“For our team, yeah. It’s a win, a tough win on the road against a team who they have lost one game in their building this year, so it can be a confidence builder, and it can be a good thing for us moving forward,” Johnson said. “We came home and handled business last night and won against Cleveland, so we got a tough game coming Monday against Atlanta, a team that’s been playing very well.”

Johnson’s shot hasn’t been falling, but he’s been trying to make things happen in other facets of his game.

“Well, even if I’m not shooting well I’m still going to get doubled if I post, so I’m still able to make plays defensively, I’m still able to go out and guard the toughest player on the offensive team, so I’m not limited to just making shots,” he said.

The good news for the Nets, though, is that Deron Williams and Paul Pierce have been playing well, flourishing in a smaller lineup.

“I don’t know if there’s a remedy for us in this New Year, but I haven’t been playing well,” Johnson said. “But other guys have been carrying the load, making plays, and we’ve been winning.”

Nets' offensive O begins with D-Will

December, 28, 2013

Throughout what has become a $190 million mess of a season, Brooklyn Nets coach Jason Kidd has never seemed too concerned about his team’s offense.

Well, maybe he should be.

The Nets have pretty much never been able to defend, rebound or survive the third quarter.

But now it also seems like Deron Williams looks uncomfortable running the offense. And let’s be honest here: Paul Pierce and Joe Johnson should not play together.

[+] EnlargePaul Pierce
Ron Hoskins/NBAE/Getty ImagesThe Nets looked good at half before unraveling in the third and fourth quarters.
Pierce, who had gone 5-for-26 from the field in his previous three games, scored 18 points in the Nets’ 105-91 loss to the Indiana Pacers Saturday night at Bankers Life Fieldhouse.

But Williams had a very pedestrian 14 points and six assists, while Johnson went 4-for-12 from the field and had four turnovers.

“That’s been our season,” Kidd told reporters in Indiana. “One or two of our guys are going, and we can’t get the others to join. ... Paul was going, he just needed someone to join him.”

It finally appeared that Williams was over all the injuries that have plagued his tenure with the Nets. Maybe he is. But lately, he isn’t playing like it. In his last four games, Williams is averaging 12.5 points, 5.5 assists and 2.5 turnovers on 48.7 percent shooting.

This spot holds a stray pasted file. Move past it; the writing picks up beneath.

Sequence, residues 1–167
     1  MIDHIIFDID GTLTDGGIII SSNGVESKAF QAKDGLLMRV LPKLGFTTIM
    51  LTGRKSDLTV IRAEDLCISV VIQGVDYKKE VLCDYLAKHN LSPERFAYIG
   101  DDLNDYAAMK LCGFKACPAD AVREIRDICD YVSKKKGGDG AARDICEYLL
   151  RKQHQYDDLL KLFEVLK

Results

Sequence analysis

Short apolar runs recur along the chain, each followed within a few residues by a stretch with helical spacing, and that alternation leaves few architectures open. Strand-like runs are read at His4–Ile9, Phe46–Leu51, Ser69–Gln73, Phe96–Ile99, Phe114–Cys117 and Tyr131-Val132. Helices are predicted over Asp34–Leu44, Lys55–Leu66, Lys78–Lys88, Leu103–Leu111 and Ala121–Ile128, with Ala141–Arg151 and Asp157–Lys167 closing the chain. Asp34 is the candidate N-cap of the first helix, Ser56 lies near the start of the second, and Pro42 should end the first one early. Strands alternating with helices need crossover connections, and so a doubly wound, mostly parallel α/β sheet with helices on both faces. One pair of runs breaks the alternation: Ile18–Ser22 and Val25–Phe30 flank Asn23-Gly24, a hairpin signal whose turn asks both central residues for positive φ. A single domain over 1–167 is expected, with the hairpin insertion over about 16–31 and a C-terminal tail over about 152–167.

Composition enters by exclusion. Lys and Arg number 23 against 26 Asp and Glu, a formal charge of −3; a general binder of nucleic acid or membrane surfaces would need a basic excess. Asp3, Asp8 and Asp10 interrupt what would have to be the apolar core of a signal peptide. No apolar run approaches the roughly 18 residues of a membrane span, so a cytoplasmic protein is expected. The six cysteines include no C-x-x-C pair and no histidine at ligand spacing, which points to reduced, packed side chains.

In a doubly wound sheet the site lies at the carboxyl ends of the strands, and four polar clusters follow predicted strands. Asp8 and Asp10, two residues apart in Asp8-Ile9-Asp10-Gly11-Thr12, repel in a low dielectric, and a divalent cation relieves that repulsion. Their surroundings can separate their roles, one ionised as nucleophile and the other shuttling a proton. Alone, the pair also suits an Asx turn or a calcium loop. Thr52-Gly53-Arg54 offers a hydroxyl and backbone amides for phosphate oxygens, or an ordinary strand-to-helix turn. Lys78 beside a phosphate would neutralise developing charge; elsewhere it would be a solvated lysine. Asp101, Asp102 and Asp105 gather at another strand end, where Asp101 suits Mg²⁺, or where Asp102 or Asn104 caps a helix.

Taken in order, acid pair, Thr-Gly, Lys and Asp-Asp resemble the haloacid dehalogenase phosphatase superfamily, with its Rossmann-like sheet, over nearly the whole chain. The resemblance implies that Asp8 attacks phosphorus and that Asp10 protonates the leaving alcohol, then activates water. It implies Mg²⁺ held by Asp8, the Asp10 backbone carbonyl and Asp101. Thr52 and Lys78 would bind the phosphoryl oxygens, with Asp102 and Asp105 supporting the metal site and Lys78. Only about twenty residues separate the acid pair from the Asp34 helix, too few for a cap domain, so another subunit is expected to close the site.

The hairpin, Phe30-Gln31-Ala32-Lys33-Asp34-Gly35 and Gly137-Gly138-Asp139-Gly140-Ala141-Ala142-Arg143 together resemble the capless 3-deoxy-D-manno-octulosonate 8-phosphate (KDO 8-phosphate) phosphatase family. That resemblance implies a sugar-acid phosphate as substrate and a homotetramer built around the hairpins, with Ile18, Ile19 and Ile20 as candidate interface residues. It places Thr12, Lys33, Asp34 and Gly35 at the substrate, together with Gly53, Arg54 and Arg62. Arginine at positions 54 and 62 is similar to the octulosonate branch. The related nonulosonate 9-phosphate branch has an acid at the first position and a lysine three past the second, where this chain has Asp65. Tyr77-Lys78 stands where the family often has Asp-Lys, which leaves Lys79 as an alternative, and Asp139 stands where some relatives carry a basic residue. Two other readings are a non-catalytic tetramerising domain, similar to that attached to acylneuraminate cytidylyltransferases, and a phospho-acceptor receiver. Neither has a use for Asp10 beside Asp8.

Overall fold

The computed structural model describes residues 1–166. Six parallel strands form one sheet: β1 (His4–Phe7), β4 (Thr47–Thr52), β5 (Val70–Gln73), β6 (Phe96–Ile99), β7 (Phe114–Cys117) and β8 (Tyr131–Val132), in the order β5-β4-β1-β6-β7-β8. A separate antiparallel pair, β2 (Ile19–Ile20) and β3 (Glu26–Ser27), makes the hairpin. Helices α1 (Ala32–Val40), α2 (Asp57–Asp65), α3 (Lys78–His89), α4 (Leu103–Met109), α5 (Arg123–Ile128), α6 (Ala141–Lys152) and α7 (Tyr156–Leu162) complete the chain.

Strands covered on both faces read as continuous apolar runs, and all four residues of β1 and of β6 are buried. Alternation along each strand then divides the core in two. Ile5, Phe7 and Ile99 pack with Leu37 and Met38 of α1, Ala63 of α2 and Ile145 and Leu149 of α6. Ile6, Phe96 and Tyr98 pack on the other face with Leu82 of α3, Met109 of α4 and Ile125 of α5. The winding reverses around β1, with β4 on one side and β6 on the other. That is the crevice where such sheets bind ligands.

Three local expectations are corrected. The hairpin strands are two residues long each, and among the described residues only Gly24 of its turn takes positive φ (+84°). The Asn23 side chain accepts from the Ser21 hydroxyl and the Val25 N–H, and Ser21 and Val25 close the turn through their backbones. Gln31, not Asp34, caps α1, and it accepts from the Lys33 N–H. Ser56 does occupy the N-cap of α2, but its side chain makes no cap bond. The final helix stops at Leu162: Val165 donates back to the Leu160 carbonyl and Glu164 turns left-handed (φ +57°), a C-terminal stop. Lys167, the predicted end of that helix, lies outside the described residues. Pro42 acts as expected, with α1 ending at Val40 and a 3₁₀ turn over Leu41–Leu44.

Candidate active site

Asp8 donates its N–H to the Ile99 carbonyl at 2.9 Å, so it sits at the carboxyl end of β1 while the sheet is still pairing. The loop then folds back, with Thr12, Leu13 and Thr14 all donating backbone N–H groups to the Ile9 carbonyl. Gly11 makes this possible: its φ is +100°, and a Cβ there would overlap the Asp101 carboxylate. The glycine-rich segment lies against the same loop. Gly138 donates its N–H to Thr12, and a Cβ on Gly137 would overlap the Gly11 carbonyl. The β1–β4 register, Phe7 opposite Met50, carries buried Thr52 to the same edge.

Since Pierce has returned to the starting lineup (two games), Johnson is 6-for-24 from the field.

All three players need the ball in their hands to be successful. But Williams is the one in his prime, the one making max money, the one who needs to carry the Nets to the playoffs with Brook Lopez out due to a season-ending foot injury. So it’s time for Kidd to put his franchise point guard in the best position to be successful -- and that means splitting up Pierce and Johnson, which worked quite well for awhile.

Just look at these two-man lineup net ratings (offense/defense), according to

Pierce/Johnson: minus-4.2 in 478 minutes (96.0/100.2)
Johnson/Williams: plus-3.2 in 451 minutes (105.7/102.6)
Pierce/Williams: plus-0.1 in 342 minutes (101.1/101.0)

Saturday night’s game was just the latest example. On a number of occasions, it appeared as though Williams had open lanes for jumpers or layups, but he deferred to his teammates. He needs to stop doing that, take over games and get his confidence back.

“We’re an easy team to guard right now,” Pierce said, according to the New York Times.

The Nets (10-20) fought like hell against the Pacers (24-5) in the first half, then fell apart in the third (28-20), a common pattern for the team. A 58-56 game became an 86-76 game, and that was it. Brooklyn is 0-18 when trailing after three quarters.

“We’ve talked about [the third quarter struggles]. We’ve left it alone. But it’s something that we’ve gotta address,” Kidd said.

Defensively, the Nets failed to get stops. Lance Stephenson (23 points, nine rebounds, seven assists) and Paul George (24 points) got whatever they wanted. George Hill (21 points) frequently scored when guarded by Williams.

Overall, the Pacers, who are 3-0 against the Nets this season, shot 53.5 percent. They won the rebounding battle (41-28) and the points in the paint battle (42-34), too. Brooklyn is 0-15 when giving up more than 100 points.

“We didn’t make them uncomfortable on the perimeter,” Kidd said.

It’s not going to get any easier for the Nets, who next face the San Antonio Spurs (23-7) on New Year’s Eve. Then, they get the Oklahoma City Thunder (24-5) two nights later.

In the altered words of former minority owner Jay Z, the Nets used to have 99 problems, but offense wasn’t one.

Not anymore, it seems.